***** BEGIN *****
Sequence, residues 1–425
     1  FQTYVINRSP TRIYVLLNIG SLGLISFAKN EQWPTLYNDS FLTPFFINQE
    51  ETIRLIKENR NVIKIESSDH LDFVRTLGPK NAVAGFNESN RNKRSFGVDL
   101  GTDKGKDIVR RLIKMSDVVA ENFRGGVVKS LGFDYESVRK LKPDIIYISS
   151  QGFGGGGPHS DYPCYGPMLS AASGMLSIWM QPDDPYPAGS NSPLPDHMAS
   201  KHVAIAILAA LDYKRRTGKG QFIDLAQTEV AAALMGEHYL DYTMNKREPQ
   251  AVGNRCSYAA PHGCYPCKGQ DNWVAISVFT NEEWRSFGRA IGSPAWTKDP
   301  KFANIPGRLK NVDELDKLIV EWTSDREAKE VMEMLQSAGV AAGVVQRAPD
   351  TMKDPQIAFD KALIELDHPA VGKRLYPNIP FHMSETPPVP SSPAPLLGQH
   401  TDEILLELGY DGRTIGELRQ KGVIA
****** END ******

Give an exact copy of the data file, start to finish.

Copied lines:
Sequence, residues 1–425
     1  FQTYVINRSP TRIYVLLNIG SLGLISFAKN EQWPTLYNDS FLTPFFINQE
    51  ETIRLIKENR NVIKIESSDH LDFVRTLGPK NAVAGFNESN RNKRSFGVDL
   101  GTDKGKDIVR RLIKMSDVVA ENFRGGVVKS LGFDYESVRK LKPDIIYISS
   151  QGFGGGGPHS DYPCYGPMLS AASGMLSIWM QPDDPYPAGS NSPLPDHMAS
   201  KHVAIAILAA LDYKRRTGKG QFIDLAQTEV AAALMGEHYL DYTMNKREPQ
   251  AVGNRCSYAA PHGCYPCKGQ DNWVAISVFT NEEWRSFGRA IGSPAWTKDP
   301  KFANIPGRLK NVDELDKLIV EWTSDREAKE VMEMLQSAGV AAGVVQRAPD
   351  TMKDPQIAFD KALIELDHPA VGKRLYPNIP FHMSETPPVP SSPAPLLGQH
   401  TDEILLELGY DGRTIGELRQ KGVIA